Nick Murder (James Gandolfini) is overweight, pig-headed and smokes far too many cigarettes, yet is not only married to dressmaker Kitty Kane (Susan Sarandon), but he’s also seeing Tula (Kate Winslet) on the side. When Kane finds out about this, she understandably seeks out Tula, whilst Nick attempts to please all of the many women in his life. Meanwhile, we also deal with the romantic tribulations of Nick and Kitty’s daughters, their friend, their neighbours, Nick’s colleague and Kitty’s cousin. Whilst singing. And, occasionally, dancing too.
There are few feelings greater in the world, in my opinion, than discovering a film you’d never heard about before, purchasing it on a whim, taking it home, watching it and loving every damn second of it. It leaves you with a feeling of accomplishment and adventure, not dissimilar to how Indiana Jones must feel upon unearthing some long forgotten artefact, or when John Hammond uncovers a new mosquito laden with untapped DNA from which he can create some more dinosaurs. However, it also leaves me annoyed and perturbed at the world, as to how such a film can have been ignored by so many, yet simultaneously be so wonderfully entertaining. Romance and Cigarettes, for me, is such a film, however the rationale behind why so few haven’t discovered it is an easy one to comprehend.
Firstly, it doesn’t star anyone huge. Even though this was released in 2005, at the height of The Sopranos‘ popularity, James Gandolfini was still a far more recognisable face than a name. Susan Sarandon was past her box office prime, and Kate Winslet is almost a supporting player. Yes, the other supporting roles are peppered with character actors and other recognisable stars, but there’s no Clooney, Pitt, Bullock or Kidman to grab the attention of the average movie-goer. Secondly, it’s a musical, which isn’t exactly the most popular genre today, but as a film it deliberately flies in the face of the more traditional musical-lovers with crass language and sexually explicit acts and conversations. Ultimately this leaves the film in a No Man’s Land with audiences, relying on people to seek it out based on intrigue alone, which is exactly what I did.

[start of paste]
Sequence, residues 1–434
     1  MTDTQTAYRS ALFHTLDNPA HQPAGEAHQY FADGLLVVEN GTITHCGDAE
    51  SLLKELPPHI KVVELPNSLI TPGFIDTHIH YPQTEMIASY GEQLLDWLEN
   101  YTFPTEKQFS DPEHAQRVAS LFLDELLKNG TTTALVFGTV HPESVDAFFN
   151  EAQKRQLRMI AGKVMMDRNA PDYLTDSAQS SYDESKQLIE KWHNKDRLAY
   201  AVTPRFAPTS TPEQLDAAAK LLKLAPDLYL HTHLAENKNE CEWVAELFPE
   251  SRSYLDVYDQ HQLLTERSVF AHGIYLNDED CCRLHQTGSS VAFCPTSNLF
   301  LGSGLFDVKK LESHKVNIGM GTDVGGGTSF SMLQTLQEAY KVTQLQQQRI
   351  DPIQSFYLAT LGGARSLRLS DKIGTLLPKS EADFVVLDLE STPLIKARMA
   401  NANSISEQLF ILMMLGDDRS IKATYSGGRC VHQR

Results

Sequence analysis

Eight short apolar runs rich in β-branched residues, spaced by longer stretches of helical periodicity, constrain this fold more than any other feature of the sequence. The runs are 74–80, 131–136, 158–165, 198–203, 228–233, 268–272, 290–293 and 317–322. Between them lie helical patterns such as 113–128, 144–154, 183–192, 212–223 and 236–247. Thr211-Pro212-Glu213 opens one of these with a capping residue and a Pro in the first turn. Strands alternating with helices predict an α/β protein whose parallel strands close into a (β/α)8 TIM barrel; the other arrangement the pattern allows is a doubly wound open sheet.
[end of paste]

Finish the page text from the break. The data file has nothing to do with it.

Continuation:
See, the plot is fairly straightforward. A man is unsatisfied with his relationship with his wife, so he seeks love elsewhere. The fact that he’s old and overweight should have made this difficult, but the sex-crazed vixen he discovered just happens to be into that kind of thing. When his wife finds out, she’s pissed, and they argue for the rest of the film, until things find a way of working themselves out, for better or worse. There’s nothing overly innovative to be found in the script, unless you count the filth that spouts from Kate Winslet’s mouth (“Next time the flag rises, you can knock on my back door, Marlon Brando style.”). However, as soon as you overlay the musical numbers onto this, you’ve found yourself right in the middle of some inspired insanity.
The music comes out of nowhere – the cast sings along to the original tracks, to save any embarrassment – as Nick steps out of his house and sheepishly murmurs the first words to A Man Without Love, before Engelbert Humperdinck joins in and spurs him on, only to be joined by garbagemen, a man barbecuing next door, a telephone operator and a guy welding something. When the singing is complete, Nick strolls into the road, looks around the deserted street and lights a cigarette, and then the other singers all appear slowly dancing around him, before being disrupted by a woman walking through their little arrangement. I’m sure were this scene not nearly as much fun I’d find its oddness jarring, but in this world it just seems to work, and the fact that all the characters are singing along to a pre-recorded track makes it OK for me to join in too.